Chapter 12

Who Am I?

Species and Races


12.1 What is a Species

§ The primary category in Linnean classification is the species

§ Species are given binomial (two-part) names

§ First part consists of the genus

§ Second part is the specific epithet

§ Genus name is capitalized, both names are italicized or underlined when used


§ Same genus, different species

§ Panthera leo and Panthera pardus


12.1 What is a Species - The Biological Species Concept

§ The biological species concept states that species are reproductively isolated from one another.

§ In nature, members of the same species can potentially interbreed

§ Members of different species cannot interbreed

§ Sum total of alleles in a species is called gene pool


12.1 What is a Species - The Nature of Reproductive Isolation

§ Movement of alleles within a gene pool is called gene flow.

§ Gene flow does not occur between species, due to reproductive barriers.

§ Two general kinds of reproductive barriers:

§ Prefertilization – prevent fertilization from occuring

§ Postfertilization – fertilization occurs, but hybrid cannot reproduce


§ Five different prefertilization reproductive barriers

§ Spatial

§ Behavioral

§ Mechanical

§ Temporal

§ Gamete incompatibility


§ Spatial reproductive isolation

§ Species are separated by distance

§ Example: polar bear (Arctic) and spectacled bear (South America)


§ Behavioral reproductive isolation

§ Differences in mating behavior may interfere with reproduction

§ Example: many birds have mating songs or dances


§ Mechanical reproductive isolation

§ Sexual organs are incompatible

§ Example: many insects have “lock and key” genitals


§ Temporal reproductive isolation

§ Difference in timing of reproduction

§ Example: organisms might have different mating or flowering times


§ Gamete compatibility reproductive isolation

§ Eggs and sperm of different species unable to fuse

§ Common among organisms that release gametes into the environment


12.1 What is a Species - The Nature of Reproductive Isolation

§ Postfertilization barriers to reproduction:

§ Hybrid inviability

§ Hybrid sterility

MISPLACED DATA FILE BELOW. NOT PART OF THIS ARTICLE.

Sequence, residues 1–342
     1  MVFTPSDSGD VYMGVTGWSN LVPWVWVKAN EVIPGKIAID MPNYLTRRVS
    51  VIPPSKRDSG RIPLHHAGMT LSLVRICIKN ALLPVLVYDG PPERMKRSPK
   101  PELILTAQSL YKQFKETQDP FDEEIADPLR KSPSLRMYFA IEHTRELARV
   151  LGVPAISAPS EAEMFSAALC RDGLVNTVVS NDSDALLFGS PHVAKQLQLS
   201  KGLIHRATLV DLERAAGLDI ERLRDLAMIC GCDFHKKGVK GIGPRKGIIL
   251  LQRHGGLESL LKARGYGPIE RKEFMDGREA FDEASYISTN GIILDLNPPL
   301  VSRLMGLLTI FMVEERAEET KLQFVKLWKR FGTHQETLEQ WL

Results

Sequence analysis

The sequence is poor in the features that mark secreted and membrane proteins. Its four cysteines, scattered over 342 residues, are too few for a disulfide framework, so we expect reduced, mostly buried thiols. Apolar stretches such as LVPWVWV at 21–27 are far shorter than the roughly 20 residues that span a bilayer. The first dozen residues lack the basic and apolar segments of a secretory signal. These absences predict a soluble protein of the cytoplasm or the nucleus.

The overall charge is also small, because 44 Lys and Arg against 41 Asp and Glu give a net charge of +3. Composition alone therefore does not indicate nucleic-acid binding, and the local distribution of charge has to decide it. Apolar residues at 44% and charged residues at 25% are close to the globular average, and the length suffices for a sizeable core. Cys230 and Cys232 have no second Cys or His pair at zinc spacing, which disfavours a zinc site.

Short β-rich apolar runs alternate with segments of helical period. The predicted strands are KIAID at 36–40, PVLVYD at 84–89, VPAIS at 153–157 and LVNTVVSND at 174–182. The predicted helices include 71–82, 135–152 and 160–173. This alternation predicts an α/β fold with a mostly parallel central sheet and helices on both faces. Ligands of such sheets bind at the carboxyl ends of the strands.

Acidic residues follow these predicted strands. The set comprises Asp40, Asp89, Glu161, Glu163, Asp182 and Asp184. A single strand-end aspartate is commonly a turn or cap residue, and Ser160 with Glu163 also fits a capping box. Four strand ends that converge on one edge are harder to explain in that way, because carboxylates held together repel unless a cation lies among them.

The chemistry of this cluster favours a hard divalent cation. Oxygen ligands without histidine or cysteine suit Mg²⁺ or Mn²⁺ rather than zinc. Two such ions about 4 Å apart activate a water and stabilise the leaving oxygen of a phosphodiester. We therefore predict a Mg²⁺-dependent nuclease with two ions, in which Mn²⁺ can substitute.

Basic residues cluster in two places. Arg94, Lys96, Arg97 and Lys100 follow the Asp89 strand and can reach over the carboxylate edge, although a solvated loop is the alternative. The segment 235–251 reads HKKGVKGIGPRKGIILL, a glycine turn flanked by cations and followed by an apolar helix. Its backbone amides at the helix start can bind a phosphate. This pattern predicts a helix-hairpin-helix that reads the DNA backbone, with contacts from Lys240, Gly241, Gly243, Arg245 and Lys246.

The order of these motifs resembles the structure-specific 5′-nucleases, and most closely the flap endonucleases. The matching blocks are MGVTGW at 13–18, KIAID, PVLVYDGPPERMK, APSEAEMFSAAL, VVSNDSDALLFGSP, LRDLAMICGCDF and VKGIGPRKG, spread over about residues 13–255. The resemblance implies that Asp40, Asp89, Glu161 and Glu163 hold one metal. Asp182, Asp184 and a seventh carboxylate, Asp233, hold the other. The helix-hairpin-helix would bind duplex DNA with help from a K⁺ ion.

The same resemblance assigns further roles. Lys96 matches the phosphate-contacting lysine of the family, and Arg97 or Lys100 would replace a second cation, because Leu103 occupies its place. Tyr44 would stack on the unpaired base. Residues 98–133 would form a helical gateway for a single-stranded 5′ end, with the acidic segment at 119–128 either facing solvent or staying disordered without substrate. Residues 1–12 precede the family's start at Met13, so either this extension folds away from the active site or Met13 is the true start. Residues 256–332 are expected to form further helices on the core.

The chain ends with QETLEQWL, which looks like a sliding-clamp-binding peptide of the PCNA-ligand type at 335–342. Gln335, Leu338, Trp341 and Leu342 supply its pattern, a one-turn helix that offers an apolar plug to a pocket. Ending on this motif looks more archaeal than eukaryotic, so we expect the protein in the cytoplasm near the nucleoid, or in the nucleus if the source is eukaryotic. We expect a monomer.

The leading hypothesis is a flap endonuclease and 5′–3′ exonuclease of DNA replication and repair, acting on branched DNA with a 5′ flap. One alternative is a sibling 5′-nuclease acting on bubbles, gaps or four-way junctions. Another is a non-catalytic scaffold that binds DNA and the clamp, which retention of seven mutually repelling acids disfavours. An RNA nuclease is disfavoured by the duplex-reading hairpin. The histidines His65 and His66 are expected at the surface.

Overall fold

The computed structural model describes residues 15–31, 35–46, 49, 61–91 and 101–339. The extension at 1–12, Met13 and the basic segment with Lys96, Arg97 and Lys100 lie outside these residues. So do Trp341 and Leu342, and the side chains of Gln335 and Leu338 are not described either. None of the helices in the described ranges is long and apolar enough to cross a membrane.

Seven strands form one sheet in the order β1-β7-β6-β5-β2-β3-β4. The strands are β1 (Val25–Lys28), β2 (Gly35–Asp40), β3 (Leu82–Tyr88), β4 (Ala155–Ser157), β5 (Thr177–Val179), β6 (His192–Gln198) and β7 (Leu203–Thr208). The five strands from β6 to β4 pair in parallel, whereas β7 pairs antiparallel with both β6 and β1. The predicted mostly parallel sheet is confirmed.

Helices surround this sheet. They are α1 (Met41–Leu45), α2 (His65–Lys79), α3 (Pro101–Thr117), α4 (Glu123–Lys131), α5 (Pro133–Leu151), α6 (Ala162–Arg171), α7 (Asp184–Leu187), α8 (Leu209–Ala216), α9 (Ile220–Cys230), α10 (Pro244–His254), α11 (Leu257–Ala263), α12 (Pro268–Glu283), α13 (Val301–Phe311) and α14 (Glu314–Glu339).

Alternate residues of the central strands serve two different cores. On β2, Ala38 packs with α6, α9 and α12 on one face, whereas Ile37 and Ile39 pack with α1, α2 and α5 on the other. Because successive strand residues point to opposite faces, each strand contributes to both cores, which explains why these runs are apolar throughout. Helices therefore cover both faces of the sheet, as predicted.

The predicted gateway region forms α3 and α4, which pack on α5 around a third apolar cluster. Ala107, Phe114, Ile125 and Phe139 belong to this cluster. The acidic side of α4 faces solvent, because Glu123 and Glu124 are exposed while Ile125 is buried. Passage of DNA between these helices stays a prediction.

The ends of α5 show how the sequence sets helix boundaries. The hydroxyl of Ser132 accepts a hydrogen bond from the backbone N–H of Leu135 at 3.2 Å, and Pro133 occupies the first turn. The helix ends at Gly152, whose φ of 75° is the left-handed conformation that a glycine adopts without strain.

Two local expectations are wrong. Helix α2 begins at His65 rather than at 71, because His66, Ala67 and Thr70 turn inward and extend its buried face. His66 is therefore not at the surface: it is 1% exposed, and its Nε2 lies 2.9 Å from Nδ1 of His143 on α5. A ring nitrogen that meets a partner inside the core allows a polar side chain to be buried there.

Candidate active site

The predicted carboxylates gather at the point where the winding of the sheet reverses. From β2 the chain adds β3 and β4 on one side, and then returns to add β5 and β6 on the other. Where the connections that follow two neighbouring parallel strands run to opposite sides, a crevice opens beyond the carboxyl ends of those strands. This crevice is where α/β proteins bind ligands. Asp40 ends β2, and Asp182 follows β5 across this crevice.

§ Hybrid inviability

§ Zygote unable to develop because genetic instructions are incomplete

§ Example: sheep crossed with goat produces an embryo, but it dies early in development


§ Hybrid infertility

§ Product of interspecies cross is unable to reproduce

§ Example: mule


12.1 What is a Species - Speciation: an Overview

§  Three steps necessary for one species to give rise to a new species

1. Isolation of gene pools of populations

2. Evolutionary changes in gene pools of populations

3. Evolution of reproductive isolation between populations


§ Once reproductively isolated, how long does the process of evolution take?

§ Two general explanations

§ Gradualism – slow accumulation of small changes over long period of time

§ Punctuated equilibrium – rapid change followed by long periods of no change

§ Evidence that both processes are at work


§ Isolation and divergence of gene pools

§ Migration can lead to isolation of a population

§ Examples include oceanic islands

§ Because migrant populations are small, genetic changes can occur rapidly


§ More than 50 species of Hawaiian silversword are descended from a migrant population of California tarweed.


§ Geographic barriers can also intrude between populations

§ Isthmus of Panama connects North and South America, but divides an ocean gulf

§ 6 pairs of snapping shrimp species exist. One species pair is on the Carribean side and the other is on the Pacific side

§ Genetic evidence indicates that each species pair is descended from ancestral species separated by rise of Panama


§ Species separated by barriers or distance are allopatric

§ Species occupying the same area are sympatric


§ Apple maggot flies appear to be speciating sympatrically.

§ Apples are not native to N. America, introduced by colonists

§ Apple maggot flies infest hawthorns and apples

§ Flies mate on fruit where they will lay their eggs

§ Hawthorns fruit 1 month after apples

§ Apple-preferring and hawthorn-preferring flies appear to have little gene flow


§  In plants, speciation can occur instantaneously, with no barriers between populations.

§ Hybrids between plant species are usually infertile.

§ Hybrids can occasionally become fertile through polyploidy.

§ Many plants produce male and female gametes and can self-pollinate.

§ Because of change in chromosome numbers, offspring are genetically isolated from their parent plants.

§ Canola developed as a result of polyploidy

§ Scientists suspect that this process is responsible for much of plant species diversity.


§ The evolution of reproductive isolation

§ No rule to tell with certainty when populations are truly isolated

§ The dragonflies in the picture below cannot interbreed

§ All dogs are capable of interbreeding


12.2 Races and Genealogical Species

§ Biologists do not agree on a definition of the term “race”, and some feel the concept is meaningless

§ Any biological definition of race would probably have the following concepts:

§ Races are populations of one species that have diverged